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Summary Article: logic gate from The Hutchinson Unabridged Encyclopedia with Atlas and Weather Guide

In electronics, one of the basic components used in building integrated circuits. The five basic types of gate make logical decisions based on the functions NOT, AND, OR, NAND (NOT AND), and NOR (NOT OR). With the exception of the NOT gate, each has two or more inputs.

Information is fed to a gate in the form of binary-coded input signals (logic value 0 stands for ‘off’ or ‘low-voltage pulse’, logic 1 for ‘on’ or ‘high-voltage’), and each combination of input signals yields a specific output (logic 0 or 1). An OR gate will give a logic 1 output if one or more of its inputs receives a logic 1 signal; however, an AND gate will yield a logic 1 output only if it receives a logic 1 signal through both its inputs. The output of a NOT or inverter gate is the opposite of the signal received through its single input, and a NOR or NAND gate produces an output signal that is the opposite of the signal that would have been produced by an OR or AND gate, respectively. The properties of a logic gate, or of a combination of gates, may be defined and presented in the form of a diagram called a truth table, which lists the output that will be triggered by each of the possible combinations of input signals. The process has close parallels in computer programming, where it forms the basis of binary logic.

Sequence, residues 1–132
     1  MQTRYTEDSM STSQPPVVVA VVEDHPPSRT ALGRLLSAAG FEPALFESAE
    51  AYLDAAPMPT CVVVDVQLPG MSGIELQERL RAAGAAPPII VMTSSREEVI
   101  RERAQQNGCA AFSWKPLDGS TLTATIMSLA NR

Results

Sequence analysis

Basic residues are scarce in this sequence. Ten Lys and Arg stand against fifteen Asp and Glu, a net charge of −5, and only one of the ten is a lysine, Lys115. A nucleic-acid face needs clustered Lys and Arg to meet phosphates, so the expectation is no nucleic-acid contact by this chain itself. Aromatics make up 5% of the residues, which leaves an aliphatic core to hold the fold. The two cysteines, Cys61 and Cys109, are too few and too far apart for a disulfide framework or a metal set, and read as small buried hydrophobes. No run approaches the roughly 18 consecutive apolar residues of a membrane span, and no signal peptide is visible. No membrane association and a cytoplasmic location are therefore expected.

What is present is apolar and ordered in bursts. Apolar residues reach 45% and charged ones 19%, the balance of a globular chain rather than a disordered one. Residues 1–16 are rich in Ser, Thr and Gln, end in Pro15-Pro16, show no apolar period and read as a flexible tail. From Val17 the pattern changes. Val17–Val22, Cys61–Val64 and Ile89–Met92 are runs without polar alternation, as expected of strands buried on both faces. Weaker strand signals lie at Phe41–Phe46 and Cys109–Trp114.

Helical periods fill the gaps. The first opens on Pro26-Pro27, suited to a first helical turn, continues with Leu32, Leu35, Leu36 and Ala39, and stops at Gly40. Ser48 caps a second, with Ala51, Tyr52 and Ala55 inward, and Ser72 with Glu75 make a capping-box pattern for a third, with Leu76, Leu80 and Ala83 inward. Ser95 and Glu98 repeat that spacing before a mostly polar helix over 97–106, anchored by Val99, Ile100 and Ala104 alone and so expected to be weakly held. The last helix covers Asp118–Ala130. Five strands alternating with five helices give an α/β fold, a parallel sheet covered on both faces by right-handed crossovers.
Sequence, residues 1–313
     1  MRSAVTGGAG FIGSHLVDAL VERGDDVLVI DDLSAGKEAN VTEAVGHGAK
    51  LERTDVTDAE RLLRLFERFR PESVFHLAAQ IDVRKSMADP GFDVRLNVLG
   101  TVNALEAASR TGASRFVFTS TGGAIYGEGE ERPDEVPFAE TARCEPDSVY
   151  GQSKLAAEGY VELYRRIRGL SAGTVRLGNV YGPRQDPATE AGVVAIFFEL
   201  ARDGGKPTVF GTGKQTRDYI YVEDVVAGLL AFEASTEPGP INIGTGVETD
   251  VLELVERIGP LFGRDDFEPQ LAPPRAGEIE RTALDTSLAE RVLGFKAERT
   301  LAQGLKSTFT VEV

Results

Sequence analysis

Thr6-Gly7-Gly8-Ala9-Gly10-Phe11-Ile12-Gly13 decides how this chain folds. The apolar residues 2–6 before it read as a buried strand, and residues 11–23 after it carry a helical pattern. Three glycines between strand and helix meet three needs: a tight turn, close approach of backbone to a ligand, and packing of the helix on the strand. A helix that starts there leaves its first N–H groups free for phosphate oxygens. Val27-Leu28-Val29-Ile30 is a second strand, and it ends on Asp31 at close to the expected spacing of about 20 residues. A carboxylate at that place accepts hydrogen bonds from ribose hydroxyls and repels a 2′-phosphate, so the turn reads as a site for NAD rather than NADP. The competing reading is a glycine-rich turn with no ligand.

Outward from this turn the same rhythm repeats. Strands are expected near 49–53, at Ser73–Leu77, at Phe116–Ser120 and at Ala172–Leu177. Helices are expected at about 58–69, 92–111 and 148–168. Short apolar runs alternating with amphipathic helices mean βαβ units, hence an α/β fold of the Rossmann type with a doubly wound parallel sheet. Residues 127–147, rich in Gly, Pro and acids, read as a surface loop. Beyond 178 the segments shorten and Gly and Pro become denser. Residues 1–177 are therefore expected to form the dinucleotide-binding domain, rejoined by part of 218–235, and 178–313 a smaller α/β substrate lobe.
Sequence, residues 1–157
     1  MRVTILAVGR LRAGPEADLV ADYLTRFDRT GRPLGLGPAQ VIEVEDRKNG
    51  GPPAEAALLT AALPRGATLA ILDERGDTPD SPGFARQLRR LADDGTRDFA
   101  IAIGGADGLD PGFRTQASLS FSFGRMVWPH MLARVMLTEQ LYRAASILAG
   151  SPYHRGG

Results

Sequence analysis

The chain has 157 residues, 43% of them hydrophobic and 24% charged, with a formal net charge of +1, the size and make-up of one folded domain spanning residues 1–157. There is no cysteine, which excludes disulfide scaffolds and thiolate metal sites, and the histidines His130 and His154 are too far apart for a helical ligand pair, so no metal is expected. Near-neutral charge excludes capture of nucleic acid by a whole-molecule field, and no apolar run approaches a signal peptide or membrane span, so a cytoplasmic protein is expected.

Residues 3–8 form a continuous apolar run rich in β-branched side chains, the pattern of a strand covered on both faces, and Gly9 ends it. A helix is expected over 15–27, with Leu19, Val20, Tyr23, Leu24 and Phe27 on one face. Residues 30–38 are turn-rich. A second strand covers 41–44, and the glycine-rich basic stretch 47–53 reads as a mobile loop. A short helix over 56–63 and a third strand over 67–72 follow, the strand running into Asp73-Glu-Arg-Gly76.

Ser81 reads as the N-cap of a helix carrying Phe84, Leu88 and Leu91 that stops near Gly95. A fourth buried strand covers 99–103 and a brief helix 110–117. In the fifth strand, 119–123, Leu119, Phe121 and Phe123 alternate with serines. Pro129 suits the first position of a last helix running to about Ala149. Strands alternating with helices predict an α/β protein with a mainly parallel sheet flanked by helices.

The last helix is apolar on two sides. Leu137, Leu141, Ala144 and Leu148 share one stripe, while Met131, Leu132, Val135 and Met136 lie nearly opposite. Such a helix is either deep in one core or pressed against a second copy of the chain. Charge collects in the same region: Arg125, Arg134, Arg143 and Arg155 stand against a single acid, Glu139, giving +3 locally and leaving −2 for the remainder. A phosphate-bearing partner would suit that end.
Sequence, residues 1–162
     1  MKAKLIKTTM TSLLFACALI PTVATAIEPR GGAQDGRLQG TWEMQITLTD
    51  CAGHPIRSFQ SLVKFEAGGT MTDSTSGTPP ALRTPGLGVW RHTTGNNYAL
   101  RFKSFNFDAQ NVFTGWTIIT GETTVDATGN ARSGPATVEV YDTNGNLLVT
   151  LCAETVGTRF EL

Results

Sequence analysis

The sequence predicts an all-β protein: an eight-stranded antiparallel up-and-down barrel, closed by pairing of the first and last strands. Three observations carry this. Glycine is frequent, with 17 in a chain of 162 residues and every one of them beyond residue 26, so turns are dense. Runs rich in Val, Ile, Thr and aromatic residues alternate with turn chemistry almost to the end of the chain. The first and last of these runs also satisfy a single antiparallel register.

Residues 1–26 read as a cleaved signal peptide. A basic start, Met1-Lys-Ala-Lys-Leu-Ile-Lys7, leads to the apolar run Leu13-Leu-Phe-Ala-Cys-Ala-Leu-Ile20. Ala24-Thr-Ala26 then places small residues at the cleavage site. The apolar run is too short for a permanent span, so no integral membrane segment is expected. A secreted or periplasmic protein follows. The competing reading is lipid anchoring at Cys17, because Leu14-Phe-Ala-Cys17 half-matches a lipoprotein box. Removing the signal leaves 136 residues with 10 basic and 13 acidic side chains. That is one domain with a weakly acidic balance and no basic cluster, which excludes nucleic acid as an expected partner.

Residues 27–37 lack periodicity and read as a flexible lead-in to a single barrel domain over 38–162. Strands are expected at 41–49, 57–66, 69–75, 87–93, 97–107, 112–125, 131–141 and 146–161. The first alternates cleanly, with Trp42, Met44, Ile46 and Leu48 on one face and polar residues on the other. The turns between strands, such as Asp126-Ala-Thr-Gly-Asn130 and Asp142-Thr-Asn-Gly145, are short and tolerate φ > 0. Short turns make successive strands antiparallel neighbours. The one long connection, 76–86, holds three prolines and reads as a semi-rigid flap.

US computer scientists announced the construction of logic gates from DNA in 1997. Rather than responding to an electronic signal their DNA gates respond to nucleotide sequences.

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